The finding is very important and the astrophysics community from all over the world has taken an interest in the research, which has been published in Physics Review Letters journal.
Before (Sanduleak-69 202) and After (SN1987A) supernova explosion. The whole galaxy is illuminated from the brightness of the explosion. (Image: IIT Guwahati)
Death of stars: IIT Guwahati researchers find key clues about the death of stars! Working with researchers from Germany-based Max Planck Institute for Physics and US’ Northwestern University, researchers from the eminent Indian Institute of Technology (IIT), Guwahati, have found major clues to better understand the death of stars. Moreover, they have also been able to point out the problems that existing models had. The team of researchers has revealed that the clue to the death of these stars lies in tiny subatomic particles called neutrinos in the supernovae, and have said that all the three species of neutrinos are important, instead of commonly believed two.
The finding is very important and the astrophysics community from all over the world has taken an interest in the research, which has been published in Physics Review Letters journal and accessed by Financial Express Online.
In a statement issued by IIT Guwahati, lead researcher Dr Sovan Chakraborty carried out the research with research scholar Madhurima Chakraborty, along with Max Planck Institute’s postdoctoral fellow Dr Francesco Capozzi and Northwestern University postdoctoral fellow Dr Manibrata Sen.
Supernovae and neutrinos
Supernovae are super explosions that occur when large massive stars die, and they are believed to be the origin of the synthesis of nature’s heavy elements and of new stars. When the life of a massive star ends, they collapse, which leads to a great shock wave causing it to explode. This explosion is so bright that it outshines, for a brief period of time, any other star present in the galaxy.
It is important to study such an explosion, called supernova, and the particles released during the event, because the matter making up the universe is almost entirely a result of such massive explosions.
The statement quoted Dr Sovan Chakraborty as saying that the mechanisms behind the supernovae are not yet solved in their entirety, and continue to be an enigma.
The mystery behind the core collapse mechanism, however, can be solved with the help of neutrinos, the tiny subatomic particles.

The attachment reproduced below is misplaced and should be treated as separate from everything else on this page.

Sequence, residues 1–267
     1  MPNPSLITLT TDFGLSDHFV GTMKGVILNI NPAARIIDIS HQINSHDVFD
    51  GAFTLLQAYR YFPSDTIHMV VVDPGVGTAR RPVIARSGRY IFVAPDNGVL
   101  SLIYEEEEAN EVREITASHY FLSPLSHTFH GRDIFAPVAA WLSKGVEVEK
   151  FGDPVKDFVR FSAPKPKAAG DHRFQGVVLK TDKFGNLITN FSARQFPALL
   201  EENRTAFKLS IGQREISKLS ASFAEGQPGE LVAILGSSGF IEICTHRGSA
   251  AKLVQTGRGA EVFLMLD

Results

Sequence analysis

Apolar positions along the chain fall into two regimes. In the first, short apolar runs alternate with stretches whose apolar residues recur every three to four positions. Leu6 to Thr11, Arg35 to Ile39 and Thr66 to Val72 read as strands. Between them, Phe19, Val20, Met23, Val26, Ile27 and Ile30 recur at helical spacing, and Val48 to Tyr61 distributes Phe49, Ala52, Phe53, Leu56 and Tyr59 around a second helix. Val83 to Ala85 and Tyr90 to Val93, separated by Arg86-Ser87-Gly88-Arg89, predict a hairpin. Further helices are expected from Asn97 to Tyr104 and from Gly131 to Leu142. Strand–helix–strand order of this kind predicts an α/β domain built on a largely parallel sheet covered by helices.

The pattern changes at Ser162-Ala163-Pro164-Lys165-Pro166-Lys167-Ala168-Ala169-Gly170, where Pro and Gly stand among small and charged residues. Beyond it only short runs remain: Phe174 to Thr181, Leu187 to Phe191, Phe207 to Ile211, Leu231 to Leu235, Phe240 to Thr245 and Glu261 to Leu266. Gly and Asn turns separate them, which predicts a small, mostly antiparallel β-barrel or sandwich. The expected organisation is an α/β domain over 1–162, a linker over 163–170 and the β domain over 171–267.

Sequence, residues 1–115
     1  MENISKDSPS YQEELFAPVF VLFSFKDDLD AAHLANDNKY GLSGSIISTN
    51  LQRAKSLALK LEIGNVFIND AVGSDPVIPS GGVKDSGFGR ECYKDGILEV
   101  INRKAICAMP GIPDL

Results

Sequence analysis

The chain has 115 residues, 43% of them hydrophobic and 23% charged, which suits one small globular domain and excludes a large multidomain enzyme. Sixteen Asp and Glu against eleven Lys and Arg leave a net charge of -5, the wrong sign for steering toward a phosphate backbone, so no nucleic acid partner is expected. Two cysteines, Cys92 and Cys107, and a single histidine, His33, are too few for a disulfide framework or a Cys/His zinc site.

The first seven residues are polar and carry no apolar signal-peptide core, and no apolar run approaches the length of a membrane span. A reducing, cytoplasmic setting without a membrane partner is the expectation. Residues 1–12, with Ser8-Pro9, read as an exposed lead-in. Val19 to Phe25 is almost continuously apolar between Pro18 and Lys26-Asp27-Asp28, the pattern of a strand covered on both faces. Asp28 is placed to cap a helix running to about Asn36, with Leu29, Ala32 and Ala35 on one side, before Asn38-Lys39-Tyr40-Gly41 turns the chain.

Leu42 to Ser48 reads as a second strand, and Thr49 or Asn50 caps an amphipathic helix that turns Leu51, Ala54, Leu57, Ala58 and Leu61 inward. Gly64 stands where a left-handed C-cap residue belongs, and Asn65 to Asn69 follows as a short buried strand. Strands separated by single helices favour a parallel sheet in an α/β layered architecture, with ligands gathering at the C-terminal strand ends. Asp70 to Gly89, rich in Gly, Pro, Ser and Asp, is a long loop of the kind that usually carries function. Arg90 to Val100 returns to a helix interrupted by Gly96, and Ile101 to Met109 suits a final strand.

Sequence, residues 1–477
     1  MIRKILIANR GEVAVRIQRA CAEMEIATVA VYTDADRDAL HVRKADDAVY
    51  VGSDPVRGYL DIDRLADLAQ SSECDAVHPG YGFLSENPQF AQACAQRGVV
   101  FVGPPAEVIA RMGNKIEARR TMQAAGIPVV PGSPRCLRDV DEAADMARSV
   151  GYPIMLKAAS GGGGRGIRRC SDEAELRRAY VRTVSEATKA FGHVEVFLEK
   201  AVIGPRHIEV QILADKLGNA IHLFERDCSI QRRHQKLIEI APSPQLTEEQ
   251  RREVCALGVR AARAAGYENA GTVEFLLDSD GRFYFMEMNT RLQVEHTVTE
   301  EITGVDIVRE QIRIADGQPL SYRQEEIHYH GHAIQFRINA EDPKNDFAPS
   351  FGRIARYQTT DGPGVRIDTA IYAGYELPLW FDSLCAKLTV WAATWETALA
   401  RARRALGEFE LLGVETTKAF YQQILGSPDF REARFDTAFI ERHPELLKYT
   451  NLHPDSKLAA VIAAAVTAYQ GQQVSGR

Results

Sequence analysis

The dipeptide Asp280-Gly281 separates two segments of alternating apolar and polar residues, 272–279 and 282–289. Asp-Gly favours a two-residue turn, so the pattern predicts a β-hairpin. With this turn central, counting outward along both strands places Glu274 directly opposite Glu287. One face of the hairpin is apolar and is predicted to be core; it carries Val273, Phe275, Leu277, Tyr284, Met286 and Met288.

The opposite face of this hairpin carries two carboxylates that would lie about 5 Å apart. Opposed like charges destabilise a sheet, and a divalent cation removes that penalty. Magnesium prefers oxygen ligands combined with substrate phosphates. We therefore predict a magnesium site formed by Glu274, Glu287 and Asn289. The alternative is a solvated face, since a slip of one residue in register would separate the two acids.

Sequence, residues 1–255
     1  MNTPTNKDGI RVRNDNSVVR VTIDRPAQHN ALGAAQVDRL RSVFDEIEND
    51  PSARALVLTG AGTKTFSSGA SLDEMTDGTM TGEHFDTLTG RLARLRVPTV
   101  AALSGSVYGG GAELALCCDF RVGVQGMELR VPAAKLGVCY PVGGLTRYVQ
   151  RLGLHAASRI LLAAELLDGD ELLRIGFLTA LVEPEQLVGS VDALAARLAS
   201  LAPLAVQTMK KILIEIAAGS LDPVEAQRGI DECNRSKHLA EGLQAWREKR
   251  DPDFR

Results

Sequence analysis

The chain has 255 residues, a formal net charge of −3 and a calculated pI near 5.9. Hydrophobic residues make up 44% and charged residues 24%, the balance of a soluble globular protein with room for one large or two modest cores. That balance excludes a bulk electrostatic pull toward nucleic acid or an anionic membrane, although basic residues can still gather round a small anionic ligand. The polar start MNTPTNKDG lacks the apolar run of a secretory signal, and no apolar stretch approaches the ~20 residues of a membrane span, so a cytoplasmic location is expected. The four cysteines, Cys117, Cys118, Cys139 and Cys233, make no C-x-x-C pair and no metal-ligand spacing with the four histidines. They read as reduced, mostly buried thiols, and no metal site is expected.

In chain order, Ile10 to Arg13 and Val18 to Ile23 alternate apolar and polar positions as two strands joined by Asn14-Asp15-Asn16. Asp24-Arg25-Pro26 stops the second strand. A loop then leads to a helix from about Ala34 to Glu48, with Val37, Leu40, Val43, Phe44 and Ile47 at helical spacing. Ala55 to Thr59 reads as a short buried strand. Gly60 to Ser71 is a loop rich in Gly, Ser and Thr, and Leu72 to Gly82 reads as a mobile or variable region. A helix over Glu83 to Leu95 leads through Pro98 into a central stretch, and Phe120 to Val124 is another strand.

A core collapse supernova leads to several particle processes, resulting in the creation of neutrinos. The neutrinos are neutral, however, and have an extremely weak interaction with stellar matter, and thus, are able to escape, while carrying a whopping 99% of the collapsing star’s energy. Therefore, neutrinos are the only matter holding the information from the stars’ deepest interiors.
However, neutrinos in themselves are complex. In the last 70 years or so since their discovery, the scientists have been able to expand their understanding of these particles, but there is still a long way to go. One of the questions facing the scientists about these particles is their flavour structure and different neutrinos’ mass ordering. Neutrinos are of three species – electron, mu and tau – and the only natural source of the creation of neutrinos as well as antineutrinos in substantial amounts is the supernovae, leading to additional complexities.
The researchers pointed out that so far, the existing models of supernovae predicted that antineutrinos as well as the neutrinos species mu and tau were very similar in their properties and clubbed them as one species, leading to simplified problem of the supernovae and neutrinos. This meant that most studies were being carried out with researchers assuming that all these neutrinos and antineutrinos were behaving in the same way when they were ejected from the dying star.
Death of a star: Findings of the study
Dr Sovan said that in extremely dense supernovae core, neutrinos interact with each other, and they might interchange their flavours. This interchanging, however, can happen very rapidly and it can impact the process of the supernova because neutrinos of different species are emitted from the explosion with different angular distribution.
The conversion of flavours is non-linear, Dr Sovan added, and the phenomenon is not confronted in any other sources of the neutrino except the supernovae. For the first time, the research team carried out nonlinear simulations of this rapid conversion between all three species of neutrinos.
This was possible because new simulations of supernovae showed the presence of muons, leading to the production of asymmetry between antineutrinos and muon neutrinos, which was otherwise taken to be zero. This has implied three flavour effects.
Dr Manibrata Sen was quoted by the statement as saying that the study of these three flavours has changed the results drastically as against the results of existing studies. This study, Sen said, can have huge implications for particle and astrophysics of supernovae neutrinos.
The study has clearly demonstrated the relevance of all the three flavours of neutrinos, leading to an incomplete picture of fast flavour exchange if the presence of any species is ignored.